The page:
Last week, the Supreme Court handed down a long-awaited decision in the case of Ysleta del Sur Pueblo v. Texas. While it did not garner much mention in the national press, the Yselta ruling will impact regulated gaming in Texas.
The direct scope of the decision is probably limited to Texas by virtue of the law that is at the center of the case. That’s certain if Texas continues to restrict almost all forms of gambling in the state.
The Restoration Act
In the 1960s, Texas took trust responsibility for the Ysleta del Sur Pueblo tribe and the Alabama-Coushatta Tribe of Texas. Roughly 15 years later, the state renounced those responsibilities.
The federal government took over trust responsibilities in 1987 via a law called the Restoration Act. Broadly, the Restoration Act placed the tribe alongside other tribes where the federal government oversees trust responsibilities.
The law happened to come on the heels of the Supreme Court case of California v. Cabazon Band of Mission Indians. That ruling limited the ability of states to regulate gaming on tribal lands. It would be the impetus for the Indian Gaming Regulatory Act (IGRA) the following year.
Texas cannot regulate tribal activities
It was not immediately clear what effect the Cabazon decision would have. IGRA was passed as to mediate gaming issues between sovereign tribes and states. But in the relatively brief period between 1987 and IGRA’s passage in 1988, there was uncertainty.
As a result, in drafting the Restoration Act, Congress included a provision that said the two Texas tribes could only offer gaming activities that are legal in the state. This effectively meant that if Texas banned all gambling, the tribes could offer no gaming activities.
However, the Restoration Act also said that Texas does not have any regulatory control over the tribes. Texas could determine what gaming, if any, is allowed in the state, but if any gaming is allowed, they could not tell the tribes how to regulate it. This codified the key result from Cabazon for the Restoration Act tribes.
Tribes look to offer electronic bingo
Texas has allowed bingo under limited circumstances for some time. Since Texas allowed it, the tribes in question read the Restoration Act to mean that they could also offer bingo. Texas imposes a number of qualifications and restrictions on bingo.
In 2016, the tribes wanted to offer electronic bingo. Texas moved to shut that down, arguing the tribes were not offering bingo in accordance with state regulations. Litigation ensued.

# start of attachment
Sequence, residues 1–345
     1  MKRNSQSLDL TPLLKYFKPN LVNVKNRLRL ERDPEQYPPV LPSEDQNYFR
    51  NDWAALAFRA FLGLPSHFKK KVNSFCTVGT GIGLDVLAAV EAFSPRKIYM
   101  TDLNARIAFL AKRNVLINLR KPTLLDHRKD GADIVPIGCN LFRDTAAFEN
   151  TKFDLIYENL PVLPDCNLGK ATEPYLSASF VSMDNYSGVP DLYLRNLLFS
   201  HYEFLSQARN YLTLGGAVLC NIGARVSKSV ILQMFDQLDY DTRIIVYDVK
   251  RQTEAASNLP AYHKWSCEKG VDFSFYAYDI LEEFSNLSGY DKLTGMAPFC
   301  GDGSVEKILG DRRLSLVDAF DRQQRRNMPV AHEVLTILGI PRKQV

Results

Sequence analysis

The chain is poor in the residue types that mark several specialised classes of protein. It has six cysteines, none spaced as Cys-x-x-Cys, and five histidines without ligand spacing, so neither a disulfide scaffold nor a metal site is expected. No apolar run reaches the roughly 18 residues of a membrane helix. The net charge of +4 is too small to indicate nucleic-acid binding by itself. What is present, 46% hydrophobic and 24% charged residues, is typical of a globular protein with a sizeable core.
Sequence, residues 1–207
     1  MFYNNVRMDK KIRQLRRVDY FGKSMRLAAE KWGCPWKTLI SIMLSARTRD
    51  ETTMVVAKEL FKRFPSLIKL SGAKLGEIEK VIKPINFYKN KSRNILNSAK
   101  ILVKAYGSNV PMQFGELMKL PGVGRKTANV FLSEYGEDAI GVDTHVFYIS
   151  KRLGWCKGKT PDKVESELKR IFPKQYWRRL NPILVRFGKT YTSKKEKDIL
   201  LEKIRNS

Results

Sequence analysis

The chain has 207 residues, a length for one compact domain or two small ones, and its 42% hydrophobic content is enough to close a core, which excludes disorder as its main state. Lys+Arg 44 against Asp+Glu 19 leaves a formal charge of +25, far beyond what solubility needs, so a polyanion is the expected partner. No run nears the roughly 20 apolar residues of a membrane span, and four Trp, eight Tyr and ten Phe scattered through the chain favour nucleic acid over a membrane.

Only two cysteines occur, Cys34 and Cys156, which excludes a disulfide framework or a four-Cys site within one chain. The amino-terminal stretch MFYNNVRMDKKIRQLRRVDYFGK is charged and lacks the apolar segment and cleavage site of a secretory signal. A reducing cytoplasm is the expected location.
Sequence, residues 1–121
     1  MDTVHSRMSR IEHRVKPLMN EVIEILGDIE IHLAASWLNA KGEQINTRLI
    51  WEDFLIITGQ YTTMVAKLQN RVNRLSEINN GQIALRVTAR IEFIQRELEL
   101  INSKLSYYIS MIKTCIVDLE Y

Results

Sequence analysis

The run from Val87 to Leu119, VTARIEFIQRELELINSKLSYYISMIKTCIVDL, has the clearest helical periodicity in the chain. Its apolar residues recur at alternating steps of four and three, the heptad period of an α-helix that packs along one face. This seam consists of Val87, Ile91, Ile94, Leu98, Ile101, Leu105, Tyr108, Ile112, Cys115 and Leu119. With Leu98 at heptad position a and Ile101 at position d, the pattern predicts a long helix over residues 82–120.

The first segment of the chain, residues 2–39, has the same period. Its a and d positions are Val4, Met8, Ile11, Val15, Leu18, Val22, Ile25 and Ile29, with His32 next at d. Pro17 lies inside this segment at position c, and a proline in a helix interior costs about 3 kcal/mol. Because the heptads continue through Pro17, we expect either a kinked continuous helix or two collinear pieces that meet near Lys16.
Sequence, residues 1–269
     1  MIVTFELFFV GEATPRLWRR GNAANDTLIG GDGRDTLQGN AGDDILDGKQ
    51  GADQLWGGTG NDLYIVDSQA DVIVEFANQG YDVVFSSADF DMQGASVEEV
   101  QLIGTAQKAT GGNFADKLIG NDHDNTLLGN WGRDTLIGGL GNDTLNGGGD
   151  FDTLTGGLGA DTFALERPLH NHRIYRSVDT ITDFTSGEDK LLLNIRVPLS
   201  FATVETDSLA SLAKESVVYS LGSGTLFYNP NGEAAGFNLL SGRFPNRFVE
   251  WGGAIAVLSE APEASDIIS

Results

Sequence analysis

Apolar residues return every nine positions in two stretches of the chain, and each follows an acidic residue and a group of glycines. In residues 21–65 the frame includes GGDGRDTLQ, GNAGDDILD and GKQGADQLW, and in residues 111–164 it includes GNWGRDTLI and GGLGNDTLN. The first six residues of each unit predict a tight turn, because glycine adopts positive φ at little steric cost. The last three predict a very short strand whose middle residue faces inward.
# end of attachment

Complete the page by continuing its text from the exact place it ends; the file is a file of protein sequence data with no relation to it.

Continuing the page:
Supreme Court sides with tribes
This month, the Supreme Court sided with the tribes in a slim 5-4 decision. Justice Neil Gorsuch, who wrote the majority opinion, concluded that the language of the Restoration Act provided Texas the ability to outlaw any type of gambling, but they could not dictate to the tribes how to regulate games that are lawful in the state.
This apparently is true even if there is some debate over the extent to which electronic bingo is different than traditional bingo.
The implications of the decision
The implications of the decision are significant but limited. It only concerns the two tribes covered by the Restoration Act, the Ysleta and the Alabama-Coushatta.
While there are probably similar agreements with other tribes, this act, the Texas Restoration Act, was drafted at a very unique time. It was created between the Supreme Court’s decision in Cabazon and before the passage of IGRA, leaving a very brief window for other laws to be affected by this gap in regulation.
As a result of the decision, the tribes have full control in regulating gaming activities on sovereign land as long as the games are legal in Texas.
Obviously, this decision would be much more meaningful, from a gaming expansion perspective, if it happened in almost any other state. But it is worth remembering that there have been growing calls for expanded gaming in Texas.
Tribes are ready if gaming expands
Sports betting continues to be the most popular form of gaming expansion around the country. It is the most likely candidate to debut next in the Lone Star State. We have also seen efforts to bring casino gambling to the state.
In February, it was reported that the Las Vegas Sands group had launched a Political Action Committee in Texas with an initial war chest of $2 million to bring casinos to the state. Previous efforts have stalled out. Sands seems committed to a long game.
The tribes covered by the Restoration Act are likely to be well-positioned should either casino gambling or sports betting arrive in Texas. Of course, the exact arrival date is still a big question mark.